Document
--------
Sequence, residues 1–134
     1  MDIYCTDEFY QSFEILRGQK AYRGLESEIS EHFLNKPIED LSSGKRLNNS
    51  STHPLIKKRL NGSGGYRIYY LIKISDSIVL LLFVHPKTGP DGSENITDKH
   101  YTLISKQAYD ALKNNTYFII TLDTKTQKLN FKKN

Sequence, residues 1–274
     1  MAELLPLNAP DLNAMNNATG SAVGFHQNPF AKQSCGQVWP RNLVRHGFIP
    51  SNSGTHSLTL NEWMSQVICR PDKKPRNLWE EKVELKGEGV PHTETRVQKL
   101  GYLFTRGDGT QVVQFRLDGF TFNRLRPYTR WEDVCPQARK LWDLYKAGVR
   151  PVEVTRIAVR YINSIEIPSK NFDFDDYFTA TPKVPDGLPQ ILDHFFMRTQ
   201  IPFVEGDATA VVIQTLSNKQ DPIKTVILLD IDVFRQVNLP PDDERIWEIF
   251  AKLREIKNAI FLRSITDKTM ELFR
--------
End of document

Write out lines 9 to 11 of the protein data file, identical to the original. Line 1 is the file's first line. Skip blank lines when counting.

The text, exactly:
   151  PVEVTRIAVR YINSIEIPSK NFDFDDYFTA TPKVPDGLPQ ILDHFFMRTQ
   201  IPFVEGDATA VVIQTLSNKQ DPIKTVILLD IDVFRQVNLP PDDERIWEIF
   251  AKLREIKNAI FLRSITDKTM ELFR